Exploring Salvador Dalí’s Strange and Surreal Painting ‘The Persistence of Memory’

The Persistence of Memory - Salvador Dalí 1931

Salvador Dalí, “The Persistence of Memory,” 1931

With its strange subject matter and dream-like atmosphere, Salvador Dalí's masterpiece, The Persistence of Memory, has become a well-known symbol of Surrealism and one of the most famous paintings in the world. Painted during the Dada-inspired movement, the melting-clocks-masterpiece embodies the sensibilities that define the experimental and eccentric genre.

To contextualize the iconic piece's place in art history, one must understand its unique influences, examine its symbolic content, and appreciate the artist's avant-garde approach to its creation.

 

Who Was Salvador Dalí?

Photograph of Salvador Dali

Photo of Salvador Dalí by Carl Van Vechten, 1939 (Photo: Library of Congress via Wikimedia Commons, Public domain)

Salvador Dalí (1904–1989) was a Spanish avant-garde artist best known for his contributions to the Surrealist movement. Although he explored a variety of mediums during his lifetime, including sculpture, printmaking, fashion, writing, and even filmmaking, Dalí’s paintings stand out as particularly epochal. In particular, the artist developed his own visual language for depicting his own inner world, dreams, and hallucinations.

 

When Was The Persistence of Memory Created?

The Persistence of Memory was painted in 1931, at the height of the Surrealist movement. During this time, innovative artists explored ideas of automatism and the self-consciousness in their work. This experimental approach to art culminated in a tendency toward peculiar subject matter that evokes dreams and challenges perceptions.

Portrait of Dali and Man Ray

Salvador Dalí and Man Ray in Paris, 1934 (Photo: Carl Van Vechten / Library of Congress)

As a key figure of the movement, Salvador Dalí delved deep into this artistic mindset, which he viewed as revolutionary and liberating. “Surrealism is destructive,” he explained, “but it destroys only what it considers to be shackles limiting our vision.”

When Dalí painted The Persistence of Memory, his artistic practice was guided by the peculiar “paranoiac-critical method.” Developed by the artist in 1930, the technique relies on self-induced paranoia and hallucinations to facilitate a work of art. This method was particularly instrumental in the creation of Dalí's “hand-painted dream photographs,” a collection of works that are stylistically rooted in realism yet unrealistic in their subject matter.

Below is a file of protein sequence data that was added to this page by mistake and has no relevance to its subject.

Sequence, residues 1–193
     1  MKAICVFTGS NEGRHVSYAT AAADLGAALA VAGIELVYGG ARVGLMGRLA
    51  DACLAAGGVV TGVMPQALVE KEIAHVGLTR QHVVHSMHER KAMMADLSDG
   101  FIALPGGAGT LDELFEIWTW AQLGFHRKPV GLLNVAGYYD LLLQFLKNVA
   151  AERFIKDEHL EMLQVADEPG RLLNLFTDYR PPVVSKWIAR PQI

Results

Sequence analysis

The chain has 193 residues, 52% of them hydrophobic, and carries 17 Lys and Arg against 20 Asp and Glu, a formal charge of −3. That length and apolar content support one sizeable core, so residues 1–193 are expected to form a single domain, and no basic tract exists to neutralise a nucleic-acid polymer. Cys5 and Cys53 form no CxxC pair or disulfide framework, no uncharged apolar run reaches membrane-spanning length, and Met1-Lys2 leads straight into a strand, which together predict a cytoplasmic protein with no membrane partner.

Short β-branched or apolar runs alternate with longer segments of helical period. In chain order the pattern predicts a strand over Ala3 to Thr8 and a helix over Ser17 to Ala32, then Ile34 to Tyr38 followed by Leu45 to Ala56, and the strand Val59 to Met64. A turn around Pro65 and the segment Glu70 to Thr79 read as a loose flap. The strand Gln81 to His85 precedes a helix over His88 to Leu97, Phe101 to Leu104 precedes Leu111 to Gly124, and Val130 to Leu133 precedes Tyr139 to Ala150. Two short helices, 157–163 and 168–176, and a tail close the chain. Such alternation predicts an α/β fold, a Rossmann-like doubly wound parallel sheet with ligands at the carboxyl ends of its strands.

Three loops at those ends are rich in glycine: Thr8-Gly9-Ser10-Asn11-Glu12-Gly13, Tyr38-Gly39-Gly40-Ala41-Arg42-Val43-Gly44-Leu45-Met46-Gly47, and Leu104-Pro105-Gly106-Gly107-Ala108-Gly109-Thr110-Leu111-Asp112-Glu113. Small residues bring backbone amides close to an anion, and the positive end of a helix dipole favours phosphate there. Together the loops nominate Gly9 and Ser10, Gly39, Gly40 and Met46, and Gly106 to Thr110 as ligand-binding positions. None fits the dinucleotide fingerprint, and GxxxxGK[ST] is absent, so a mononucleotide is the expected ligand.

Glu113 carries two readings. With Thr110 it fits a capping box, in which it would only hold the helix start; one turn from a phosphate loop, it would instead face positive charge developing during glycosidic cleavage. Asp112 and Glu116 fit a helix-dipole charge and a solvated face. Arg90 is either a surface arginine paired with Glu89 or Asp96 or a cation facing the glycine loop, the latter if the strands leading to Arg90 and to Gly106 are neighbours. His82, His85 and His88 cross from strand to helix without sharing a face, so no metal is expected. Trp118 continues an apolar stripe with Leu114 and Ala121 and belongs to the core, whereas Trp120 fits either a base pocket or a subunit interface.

The Persistence of Memory‘s Iconography

Though set in a realistically-rendered landscape, The Persistence of Memory features bizarre subject matter evocative of a dream. While the actual inspiration behind the scene is up for debate (art historians recall Einstein's theory; Dalí comically mentioned Camembert cheese), the odd iconography of the painting is characteristic of the Surrealist movement.

 

Melting Clocks

A set of melting clocks—or “soft watches,” as many Surrealists have called them—are scattered across the composition. These fascinating timepieces appear to have lost their integrity, as they're limply draped over a tree branch or sliding off of an ambiguous platform. A single pocket watch, which remains closed, retains its structure, though an army of ants ominously cover its case.

Salvador Dali - The Persistence Of Memory (Detail) 2

 

Anthropomorphic Form

Perhaps the most perplexing part of the scene is an anthropomorphic mass sprawled on the ground. This face-like figure is thought to be a self-portrait of the artist. This interpretation is fitting, as Dalí is known for both his unconventional self-portrayals, like Soft Self-Portrait With Grilled Bacon, and his one-of-a-kind depictions of not-quite-human faces, like the figure in his painting, Sleep.

Soft Self Portrait de Salvador Dali. #figueres #museudali #catalunia #españa

“Soft Self-Portrait With Grilled Bacon,” 1941

 

Familiar Landscape